× Digital News Videos Africa Health & Science Opinion Columnists Education Lifestyle Cartoons Moi Cabinets Arts & Culture Gender Planet Action Podcasts E-Paper Tributes Lifestyle & Entertainment Nairobian Entertainment Eve Woman TV Stations KTN Home KTN News BTV KTN Farmers TV Radio Stations Radio Maisha Spice FM Vybez Radio Enterprise VAS E-Learning Digger Classified Jobs Games Crosswords Sudoku The Standard Group Corporate Contact Us Rate Card Vacancies DCX O.M Portal Corporate Email RMS
×
VAS

ELECTION 2022

Mathare residents attack police officers after accusing them of extorting money from dealers of local brew

NAIROBI
By Michael Chepkwony and Cyrus Ombati | Dec 5th 2017 | 2 min read
Police officers patrol Mathare in Nairobi after a clash between residents on Sunday night. [Photo:Elvis Ogina|Standard]

Dozens of people, including police officers, were injured in clashes at Mathare slums triggered by a raid on a local liquor den.

What started as an ordinary police operation on Sunday afternoon degenerated into an orgy of violence that lasted for hours.

Initially the residents attacked the officers but later turned on one another.

One officer was hit with a stone on the face while another was robbed of his communication gadget before other officers arrived to rescue them.

A van and a motorcycle were destroyed as residents of Mathare and Huruma turned on one another in attacks that went on into the night.

Witnesses said the residents thought that it was the start of fresh politically motivated chaos.

“Many thought it was to do with President Uhuru Kenyatta and Opposition leader Raila Odinga and started fighting,” said Otieno Jakochia.

When calm returned, many people were nursing injuries, with a local clinic in Mathare referring two serious cases to Kenyatta and Mama Lucy hospitals yesterday morning.

Police arrived

Witnesses told The Standard that trouble began when police arrived at the busaa den to arrest some individuals.

The culprits were crammed into the police vehicle, which took off, leaving two officers to watch over the remaining suspects who were locked inside the den.

“When the police car left, the residents started attacking the officers inside the den using stones,” said Mr Jakochia.

Backup police officers used teargas to try to disperse the rowdy residents, who accused the officers of extorting money from busaa dealers.

Police also shot in the air to disperse the surging crowd. No resident has been reported to have sustained injuries inflicted by police.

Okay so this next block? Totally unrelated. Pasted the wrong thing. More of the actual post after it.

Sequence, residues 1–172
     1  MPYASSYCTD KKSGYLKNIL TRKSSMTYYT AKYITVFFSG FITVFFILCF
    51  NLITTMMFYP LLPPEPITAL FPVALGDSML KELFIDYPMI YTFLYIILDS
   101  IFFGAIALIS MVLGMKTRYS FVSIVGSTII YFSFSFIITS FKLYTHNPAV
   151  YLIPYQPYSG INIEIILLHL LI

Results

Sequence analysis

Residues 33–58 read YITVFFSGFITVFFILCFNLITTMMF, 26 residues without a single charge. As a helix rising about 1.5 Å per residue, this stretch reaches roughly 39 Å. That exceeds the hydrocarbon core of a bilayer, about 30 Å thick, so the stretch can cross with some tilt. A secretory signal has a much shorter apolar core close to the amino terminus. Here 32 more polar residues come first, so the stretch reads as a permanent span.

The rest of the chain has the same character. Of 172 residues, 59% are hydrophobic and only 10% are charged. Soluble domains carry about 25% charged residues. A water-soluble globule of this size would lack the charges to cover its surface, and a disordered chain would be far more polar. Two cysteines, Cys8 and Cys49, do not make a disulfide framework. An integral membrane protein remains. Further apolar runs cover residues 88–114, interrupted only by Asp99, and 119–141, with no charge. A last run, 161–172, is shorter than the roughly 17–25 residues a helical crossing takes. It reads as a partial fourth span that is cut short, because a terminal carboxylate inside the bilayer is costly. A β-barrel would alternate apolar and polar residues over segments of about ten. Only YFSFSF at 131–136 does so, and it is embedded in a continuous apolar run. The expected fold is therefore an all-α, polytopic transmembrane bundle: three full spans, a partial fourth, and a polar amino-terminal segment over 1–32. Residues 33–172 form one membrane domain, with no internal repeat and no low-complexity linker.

The residents sought treatment from the nearby Drugnet Medical Centre, where two cases were classified as serious.

A medical officer at the facility said there were several cases of minor injuries but two had been referred to Kenyatta and Mama Lucy hospitals.

Deep knife cuts

“We have Wycliffe and Francis. We cannot disclose their other names. One had deep knife cuts on his head and we referred him to Kenyatta National Hospital. Another had suffered a hand fracture and we advised him to seek x-ray services and treatment at Mama Lucy Hospital,” said the officer who sought anonymity because she is not authorised to speak to the press.

Grocers near the shanty refused to speak to journalists, saying they did not want to spark a confrontation with busaa dealers and police.

Officer bleeding

“Sitaki shida mimi. Niliona tu polisi damu ikimtoka na nikatoroka (I don’t want trouble. I just saw a police officer bleeding before I ran away),” said a grocer who identified herself as Maureen.

Starehe police boss Alice Kimeli said police were “investigating the incident at large".

Share this story
Needed: An engaged and not an activist nation
Activism is a cry for engagement. It arises when people feel incapable of making a difference in the circumstances of their own lives or that of their neighbours. In this situation, an external response, often by the State, is sought to ameliorate the given challenge, and the activist’s effort is designed to influence, demand or even force that response.
When Njonjo almost resigned over coffee smugglers
Known as the era of black gold, it began in 1976 when Ugandan farmers decided to sell their coffee in the private market.

.
RECOMMENDED NEWS

;